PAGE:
The first thing I liked about Parson’s House was that it didn’t look like an assisted living facility.  I had the address in my GPS, but when I arrived I didn’t realize I was there.  It looked like a large private home with extra parking out front.  When you walked inside the illusion continued.  Yes there was an office off to one side, but it was easy to ignore.  The feeling of home overpowered everything else.  Maybe it was because I could smell the evidence of lunch being cooked, but whatever it was, I liked it.

The dining room wasn’t the largest or the grandest or the most beautifully furnished, but something about it, maybe the style of furniture said this was a good place to be.  Over to the side was a grouping of sofas and chairs.  They looked comfortable and showed signs that they were actually used.  That was something unique.

See, most of the other places I visited were pristine.  They had the very latest in furnishings and the best word I can think of to describe them is opulent.  But I’m not opulent.  The chic furniture groupings looked like they belonged in a furniture showroom, not someone’s home – and that’s what assisted living is, someone’s home.

Don’t get me wrong.  Parson’s House is very clean and their furnishing are top quality. Things just didn’t seem so opulent.  I didn’t feel as if I would be upsetting the balance of the world if I actually sat down on the sofa and read the paper.  There was evidence that someone had done just that not too long before.  I liked that.

But what I liked best was that residents were outside on a large patio, having a resident meeting.  They were planning their activities for the next month.  What a concept!  All the other facilities gave me a list of the activities an activities director had planned for the residents.  At Parson’s House, the residents got together and decided what they wanted to do and it looked like they were having fun doing it.  A variety of dogs were helping with the meeting and one of them was a Shih Tzu named Precious, just like my Shih Tzu.

And get this, instead of a professionally maintained landscape masterpiece, they had a vegetable garden maintained by the residents.  The patio was decorated with hanging baskets, each the proud responsibility of an individual who lived there.  I don’t even like gardening, but it gave everything a much stronger feel of home than any other facility.  I was hooked, but the tour wasn’t over.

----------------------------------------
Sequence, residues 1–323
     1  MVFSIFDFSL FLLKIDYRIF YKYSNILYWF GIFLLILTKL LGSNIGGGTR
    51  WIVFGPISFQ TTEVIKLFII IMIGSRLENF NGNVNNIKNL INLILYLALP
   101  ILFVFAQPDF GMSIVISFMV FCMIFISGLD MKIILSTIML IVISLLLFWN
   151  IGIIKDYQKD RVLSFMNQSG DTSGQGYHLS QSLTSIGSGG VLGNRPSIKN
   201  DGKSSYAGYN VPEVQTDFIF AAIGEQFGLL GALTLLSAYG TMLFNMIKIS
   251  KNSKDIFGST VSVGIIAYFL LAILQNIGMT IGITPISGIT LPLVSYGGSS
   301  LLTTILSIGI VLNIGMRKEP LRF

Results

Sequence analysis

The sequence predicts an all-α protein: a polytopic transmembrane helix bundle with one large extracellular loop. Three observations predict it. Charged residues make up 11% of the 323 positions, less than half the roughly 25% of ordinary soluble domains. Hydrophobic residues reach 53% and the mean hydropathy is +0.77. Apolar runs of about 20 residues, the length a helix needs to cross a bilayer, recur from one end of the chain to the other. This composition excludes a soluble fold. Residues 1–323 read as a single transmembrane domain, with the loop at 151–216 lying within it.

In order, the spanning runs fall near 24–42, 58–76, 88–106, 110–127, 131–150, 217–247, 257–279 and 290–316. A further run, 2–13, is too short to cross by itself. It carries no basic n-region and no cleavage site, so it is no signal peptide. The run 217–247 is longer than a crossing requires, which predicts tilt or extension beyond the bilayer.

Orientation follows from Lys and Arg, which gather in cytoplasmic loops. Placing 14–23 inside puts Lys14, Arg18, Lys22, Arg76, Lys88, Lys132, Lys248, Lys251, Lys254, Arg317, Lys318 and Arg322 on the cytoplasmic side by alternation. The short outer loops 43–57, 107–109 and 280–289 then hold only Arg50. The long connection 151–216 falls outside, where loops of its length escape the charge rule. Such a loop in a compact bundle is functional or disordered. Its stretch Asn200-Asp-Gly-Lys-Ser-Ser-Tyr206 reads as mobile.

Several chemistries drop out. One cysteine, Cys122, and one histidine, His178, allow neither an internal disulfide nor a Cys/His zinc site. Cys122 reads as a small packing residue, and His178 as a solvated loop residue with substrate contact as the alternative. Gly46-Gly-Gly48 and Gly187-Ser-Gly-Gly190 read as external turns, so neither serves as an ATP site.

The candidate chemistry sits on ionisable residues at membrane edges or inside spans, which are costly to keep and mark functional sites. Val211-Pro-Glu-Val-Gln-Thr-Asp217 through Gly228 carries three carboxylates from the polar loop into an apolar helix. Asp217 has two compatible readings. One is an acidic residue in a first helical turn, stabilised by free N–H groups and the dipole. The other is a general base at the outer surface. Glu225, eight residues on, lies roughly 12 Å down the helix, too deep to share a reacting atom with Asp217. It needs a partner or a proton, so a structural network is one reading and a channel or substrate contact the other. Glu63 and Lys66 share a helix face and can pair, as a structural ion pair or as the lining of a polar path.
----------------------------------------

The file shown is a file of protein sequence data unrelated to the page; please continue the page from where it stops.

They had a little of everything needed at Parson’s House, exercise, crafts and like, but a feeling of participation, rather than mere availability, pervaded.  The hoops used for one class were leaning against a wall.  Nothing was messy or cluttered, it just looked natural and normal, instead of pristine.  Pristine can be very cold.

On the other end of the facility from the exercise and crafts was the media room, but it looked more like my den.  They may have actually had the latest in technology, but what was more important to me was that someone was actually sitting there reading a book.  People lived here.  They weren’t locked away in their apartment waiting for the next meal.

As they showed me an apartment, I couldn’t help but be dismayed.  I just couldn’t imagine Mom living happily in one room.  Where would she put all her clothes?  That’s when “we can do that” showed up.  Everywhere else I’d been, they told me how my mom would live. At Parson’s House, as I explained what I thought would best suit Mom, I was told, “we can do that.”  Sure, they could put a door between two units and they offered other possibilities.  I liked that.  Would the alterations cost me money?  Sure they would, but how do you put a value on happiness and comfort for someone you love.

OK, I was sold.  I knew it was outside Mom’s geographical zone.  I doubted that I could convince her to move there, but I’m telling you, it’s where I’d want to be.   In a couple of days, I’ll tell you what I picked out for Mom.

Chat @ Care-giving: Treasures or Trash?

Still smarting from the Salvation Army’s caviler attitude towards my Mom’s gorgeous clothes, I found myself staring at the furniture which filled the rear of our storage unit.  What was I going to do with all of that?